This theme of naive Obama and Obama the Arab lover dominates “Netanyahu at War.” Obama is criticized heavily for calling for a settlement freeze right after he gave his 2009 speech at Cairo University and immediately after Netanyahu was elected. None of the analysts denies that it had always been U.S. policy to oppose Israel’s settlements in the occupied territories. But Indyk, Ross and Mitchell all agree that in hindsight it was bad timing to reiterate U.S. policy after, oh, only 42 years of unceasing settlement expansion. Obama should have waited.

Goldberg and Oren both criticize Obama for “putting daylight” between Israel and the United States in order to make nice with the Arabs. Ben Rhodes, Obama’s deputy national security advisor, is given a few seconds to point out that not only has opposition to settlements been the policy of every U.S. administration, but that in his seven years of experience he has learned that you’re “damned if you do and damned if you don’t” in every decision regarding Middle East policy.

I take serious issue with the overall tone of the analysis offered by the various participants interviewed for this program, with a few notable exceptions. At the very least, there should have been some strong voices to counter the narrative that Obama was naive or that he deliberately undermined relations with Israel in order to pursue his alleged love affair with the Arab states. Both accusations are absurd and insulting.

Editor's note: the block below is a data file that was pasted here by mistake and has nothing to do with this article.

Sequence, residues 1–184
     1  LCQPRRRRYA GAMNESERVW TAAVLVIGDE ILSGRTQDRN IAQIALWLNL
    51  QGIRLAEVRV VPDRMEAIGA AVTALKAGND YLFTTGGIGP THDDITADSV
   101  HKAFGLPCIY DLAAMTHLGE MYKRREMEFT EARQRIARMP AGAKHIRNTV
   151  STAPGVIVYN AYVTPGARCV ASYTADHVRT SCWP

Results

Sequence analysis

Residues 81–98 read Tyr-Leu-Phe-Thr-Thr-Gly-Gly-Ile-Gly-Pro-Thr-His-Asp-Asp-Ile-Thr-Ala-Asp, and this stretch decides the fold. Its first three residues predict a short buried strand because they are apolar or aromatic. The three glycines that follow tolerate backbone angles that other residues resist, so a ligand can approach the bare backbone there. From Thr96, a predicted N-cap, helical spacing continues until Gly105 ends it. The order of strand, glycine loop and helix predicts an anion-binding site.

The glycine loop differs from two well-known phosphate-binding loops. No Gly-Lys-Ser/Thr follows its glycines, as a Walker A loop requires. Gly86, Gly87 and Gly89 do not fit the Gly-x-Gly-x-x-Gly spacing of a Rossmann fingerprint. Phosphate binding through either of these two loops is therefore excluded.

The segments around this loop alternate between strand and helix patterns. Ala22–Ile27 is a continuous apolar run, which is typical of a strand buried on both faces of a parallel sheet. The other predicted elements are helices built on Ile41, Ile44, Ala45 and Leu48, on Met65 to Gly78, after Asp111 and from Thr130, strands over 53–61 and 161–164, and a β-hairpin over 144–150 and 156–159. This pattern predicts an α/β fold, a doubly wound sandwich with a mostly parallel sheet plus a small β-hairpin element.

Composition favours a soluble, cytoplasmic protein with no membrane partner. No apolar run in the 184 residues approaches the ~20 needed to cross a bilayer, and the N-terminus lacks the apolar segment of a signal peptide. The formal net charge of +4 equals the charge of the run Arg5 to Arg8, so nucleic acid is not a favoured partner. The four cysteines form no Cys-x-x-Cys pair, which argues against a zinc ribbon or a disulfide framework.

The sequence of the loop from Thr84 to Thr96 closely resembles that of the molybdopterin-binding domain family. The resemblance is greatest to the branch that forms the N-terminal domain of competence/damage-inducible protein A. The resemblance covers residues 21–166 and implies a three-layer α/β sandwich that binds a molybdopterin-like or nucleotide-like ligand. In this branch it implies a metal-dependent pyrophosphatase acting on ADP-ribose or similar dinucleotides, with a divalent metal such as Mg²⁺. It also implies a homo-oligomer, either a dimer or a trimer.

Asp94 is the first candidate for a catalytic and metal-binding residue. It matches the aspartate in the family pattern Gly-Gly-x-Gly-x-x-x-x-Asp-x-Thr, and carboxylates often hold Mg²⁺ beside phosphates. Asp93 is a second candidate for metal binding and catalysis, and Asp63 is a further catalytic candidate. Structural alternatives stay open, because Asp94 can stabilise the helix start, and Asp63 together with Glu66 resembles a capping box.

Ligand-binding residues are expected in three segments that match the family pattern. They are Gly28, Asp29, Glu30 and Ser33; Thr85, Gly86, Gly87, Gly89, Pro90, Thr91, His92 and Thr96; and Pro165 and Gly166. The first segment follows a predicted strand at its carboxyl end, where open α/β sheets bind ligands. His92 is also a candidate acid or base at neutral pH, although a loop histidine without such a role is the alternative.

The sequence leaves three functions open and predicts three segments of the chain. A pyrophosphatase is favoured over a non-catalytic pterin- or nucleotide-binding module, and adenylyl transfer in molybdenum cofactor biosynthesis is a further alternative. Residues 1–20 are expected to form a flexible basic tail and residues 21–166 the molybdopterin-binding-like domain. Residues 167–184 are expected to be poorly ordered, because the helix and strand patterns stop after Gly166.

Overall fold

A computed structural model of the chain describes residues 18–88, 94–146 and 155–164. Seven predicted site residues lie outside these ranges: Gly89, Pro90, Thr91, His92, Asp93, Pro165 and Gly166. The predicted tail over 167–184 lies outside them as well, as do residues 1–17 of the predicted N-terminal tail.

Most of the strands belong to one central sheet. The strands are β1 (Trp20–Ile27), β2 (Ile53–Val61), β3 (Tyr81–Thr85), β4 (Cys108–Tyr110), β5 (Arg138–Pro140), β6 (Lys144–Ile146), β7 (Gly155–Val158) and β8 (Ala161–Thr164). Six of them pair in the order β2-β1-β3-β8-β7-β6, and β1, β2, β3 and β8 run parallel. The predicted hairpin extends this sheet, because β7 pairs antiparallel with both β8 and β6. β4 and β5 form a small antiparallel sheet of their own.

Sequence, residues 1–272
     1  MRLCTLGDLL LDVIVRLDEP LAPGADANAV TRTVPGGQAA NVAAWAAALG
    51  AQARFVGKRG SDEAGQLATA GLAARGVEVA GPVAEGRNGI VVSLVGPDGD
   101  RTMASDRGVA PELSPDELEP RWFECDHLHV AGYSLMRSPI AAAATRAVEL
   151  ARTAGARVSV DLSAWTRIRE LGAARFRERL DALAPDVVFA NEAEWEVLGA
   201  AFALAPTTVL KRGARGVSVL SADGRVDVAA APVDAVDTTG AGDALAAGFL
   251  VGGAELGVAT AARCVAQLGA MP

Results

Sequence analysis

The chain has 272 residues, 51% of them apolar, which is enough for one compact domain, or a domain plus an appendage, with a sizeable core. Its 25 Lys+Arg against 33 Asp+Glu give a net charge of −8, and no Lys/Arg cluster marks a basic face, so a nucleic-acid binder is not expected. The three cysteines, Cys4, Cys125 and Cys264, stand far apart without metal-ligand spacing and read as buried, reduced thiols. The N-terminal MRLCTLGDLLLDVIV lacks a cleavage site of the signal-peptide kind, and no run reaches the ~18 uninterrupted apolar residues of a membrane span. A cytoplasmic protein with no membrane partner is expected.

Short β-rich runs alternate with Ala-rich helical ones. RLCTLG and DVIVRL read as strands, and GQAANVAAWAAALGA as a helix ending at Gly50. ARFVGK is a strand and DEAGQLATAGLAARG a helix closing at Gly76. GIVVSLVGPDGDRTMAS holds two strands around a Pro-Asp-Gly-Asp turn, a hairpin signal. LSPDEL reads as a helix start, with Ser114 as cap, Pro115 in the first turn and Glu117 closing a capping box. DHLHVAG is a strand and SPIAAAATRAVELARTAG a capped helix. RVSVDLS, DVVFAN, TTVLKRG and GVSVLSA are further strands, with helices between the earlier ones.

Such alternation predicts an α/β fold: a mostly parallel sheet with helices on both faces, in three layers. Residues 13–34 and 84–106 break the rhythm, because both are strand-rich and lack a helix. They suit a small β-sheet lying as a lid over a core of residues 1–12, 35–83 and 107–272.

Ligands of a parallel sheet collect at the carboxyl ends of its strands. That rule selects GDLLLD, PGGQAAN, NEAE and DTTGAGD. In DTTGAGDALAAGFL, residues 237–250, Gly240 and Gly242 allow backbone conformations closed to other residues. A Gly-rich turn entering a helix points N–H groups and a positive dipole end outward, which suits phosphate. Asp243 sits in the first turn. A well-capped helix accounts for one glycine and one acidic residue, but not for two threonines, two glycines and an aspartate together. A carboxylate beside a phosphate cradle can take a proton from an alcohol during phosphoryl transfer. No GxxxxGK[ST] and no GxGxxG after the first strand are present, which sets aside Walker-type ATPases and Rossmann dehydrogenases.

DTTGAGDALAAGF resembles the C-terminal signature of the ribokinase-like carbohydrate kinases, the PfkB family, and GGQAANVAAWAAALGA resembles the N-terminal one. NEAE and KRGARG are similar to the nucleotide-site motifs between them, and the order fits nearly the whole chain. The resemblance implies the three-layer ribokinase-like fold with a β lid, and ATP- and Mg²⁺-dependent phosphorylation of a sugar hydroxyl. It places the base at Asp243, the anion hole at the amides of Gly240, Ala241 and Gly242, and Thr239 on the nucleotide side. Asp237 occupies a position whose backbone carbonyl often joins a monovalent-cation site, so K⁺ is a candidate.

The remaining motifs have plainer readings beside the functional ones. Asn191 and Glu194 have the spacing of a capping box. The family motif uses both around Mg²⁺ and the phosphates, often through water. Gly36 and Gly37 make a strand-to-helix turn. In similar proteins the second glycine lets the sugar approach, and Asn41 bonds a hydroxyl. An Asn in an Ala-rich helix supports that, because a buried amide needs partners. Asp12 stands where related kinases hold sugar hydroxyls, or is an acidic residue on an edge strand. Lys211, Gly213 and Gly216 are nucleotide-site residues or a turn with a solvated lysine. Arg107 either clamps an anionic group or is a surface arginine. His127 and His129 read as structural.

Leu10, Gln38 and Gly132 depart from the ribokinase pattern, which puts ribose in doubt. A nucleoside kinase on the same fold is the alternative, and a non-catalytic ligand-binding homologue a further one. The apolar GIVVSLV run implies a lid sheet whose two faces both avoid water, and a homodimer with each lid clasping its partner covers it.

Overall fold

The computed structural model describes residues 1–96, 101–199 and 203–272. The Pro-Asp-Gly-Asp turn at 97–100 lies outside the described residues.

And I must emphasize again that this male dominated discourse has to stop. It simply must. The year is 2016. Washington is full of senior, expert female policy analysts and journalists. There is no shortage of expert women in Israel or in Palestine, either. When they are left out of a current affairs documentary for an important program like Frontline, it constitutes a serious omission that undermines its credibility. Why in the world are men in their 60s who have not been involved in policy making for nearly two decades still considered experts while female diplomats who were directly involved in high level negotiations over very recent years completely ignored?

“Netanyahu at War” will be broadcast Tuesday night (tonight) on PBS in the United States. Viewers abroad can watch it online. It’s a well-edited documentary that flows and and offers some insights that will engage even those who know the story intimately. But it is also deeply flawed in its framing and seriously undermined by its failure to include both genders — and, also, by its having omitted Palestinians. Saeb Erakat and Diana Buttu aside, what we have here is a program dominated by American Jewish men who live in Washington or New York. Again.